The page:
We need your help! We’ve started compiling a list of ways in which we can all enjoy nature regardless of physical ability. Take a look at what we’ve found and send us your suggested additions so we can add them to the list. Or send us your wish list – things you wish were available but aren’t yet.
Birdability: Birdability is a US-based non-profit whose goal is to improve physical accessibility to birding locations, empower a welcoming and inclusive birding community, and introduce people with access challenges to birding. Their website provides a wide variety of resource materials, including Steps to Implement Accessible Outings, Adaptive Birding Equipment, Tips and Resources for Birders who are Blind or have Low Vision, and Ways You Can Enable Autistic Birders. They also offer a crowdsourced Birdability map describing the accessibility features of birding locations all over the world. Additional information is included in their blog and newsletter.
Birding by Ear for All: Birds Canada offers an online course on birding by ear, which is specially tailored for people with a visual impairment.
Parks Canada’s website provides a list of accessible trails, camping opportunities, and activities. These include boardwalks, shuttle bus service at Batoche, and wheelchair-friendly campgrounds. You can borrow an all-terrain wheelchair at Glacier National Park and a submersible wheelchair at the Canadian Rockies Hot Springs. Gros Morne rents a rustic cabin catering to visitors with sensory needs. It offers soft lighting, extra curtains, and removable seating.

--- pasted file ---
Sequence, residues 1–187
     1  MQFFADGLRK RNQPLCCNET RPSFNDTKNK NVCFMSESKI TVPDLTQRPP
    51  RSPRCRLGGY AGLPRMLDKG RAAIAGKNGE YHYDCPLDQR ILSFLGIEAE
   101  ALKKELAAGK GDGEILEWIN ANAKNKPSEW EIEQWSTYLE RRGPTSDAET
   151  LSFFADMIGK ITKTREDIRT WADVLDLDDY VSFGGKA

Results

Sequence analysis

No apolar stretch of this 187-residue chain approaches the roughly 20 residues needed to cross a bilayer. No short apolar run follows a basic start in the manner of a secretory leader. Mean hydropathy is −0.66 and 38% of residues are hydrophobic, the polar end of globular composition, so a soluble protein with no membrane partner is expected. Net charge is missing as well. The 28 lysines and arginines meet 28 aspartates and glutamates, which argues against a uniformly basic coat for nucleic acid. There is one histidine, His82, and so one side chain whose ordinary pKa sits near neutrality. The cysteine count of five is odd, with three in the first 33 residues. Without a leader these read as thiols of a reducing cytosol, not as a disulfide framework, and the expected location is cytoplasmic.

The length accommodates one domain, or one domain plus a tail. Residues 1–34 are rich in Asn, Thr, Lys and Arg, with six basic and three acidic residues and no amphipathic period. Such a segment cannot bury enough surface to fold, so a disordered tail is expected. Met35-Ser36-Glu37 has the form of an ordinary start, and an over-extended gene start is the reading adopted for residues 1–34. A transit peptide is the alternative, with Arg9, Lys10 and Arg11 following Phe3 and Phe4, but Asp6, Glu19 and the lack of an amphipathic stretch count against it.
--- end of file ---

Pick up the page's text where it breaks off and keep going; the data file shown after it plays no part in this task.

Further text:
Manitoba provides a list of accessible trails. Interpretive signs and brochures are available in alternate formats upon request.
Saskatchewan Parks provides beach wheelchairs free of charge, but they must be booked in advance on a first-come, first-served basis. Accessible campsites can be booked by campers with a valid Accessible Parking permit at a number of Saskatchewan’s provincial parks.
BlindSquare, a self-voicing app uses physical beacons and GPS data to communicate points of interest and directions on two Alberta Parks trails in Fish Creek and Lois Hole Provincial Parks. Three parks offer golf cart tours. Accessible campsites are identified when booking online.
Adapt Island shares up-to-date information about inclusive programs, adaptive sports equipment, and accessible outdoor activities on central Vancouver Island. Their website provides a list of accessible trails in BC and links to other relevant organizations.
US-based Wilderness Inquiry believes that everyone belongs in the outdoors. They organize a wide variety of outdoor adventure activities ranging from an introduction to wilderness camping for people with developmental disabilities to floating classrooms in 10-person canoes and hands-on virtual explorations for youth and adults.
The Saskatoon Nature Society’s Guide to Nature Viewing Sites In and Around Saskatoon provides directions on how to get to the nature viewing sites listed using public transit.
Parkbus operates a free shuttle bus service to select national and provincial parks from Toronto and Vancouver.
Bus service is available from Calgary and Calgary Airport to Banff and Lake Louise. Shuttle service between campgrounds, Banff, Lake Louise, and various other destinations is also available.
The City of Victoria installs a seasonal beach mat at Ross Bay to support wheelchair access to the rocky beach. They’ve also added new crosswalks and curb let-downs, accessible parking stalls, a barrier-free 20-foot-long harvest picnic table with six wheelchair accessible spaces, and a ramp to the new beach mat. The mat will remain in place from June until the end of September.
Photo credit: https://www.flickr.com/photos/apmckinlay/28131499097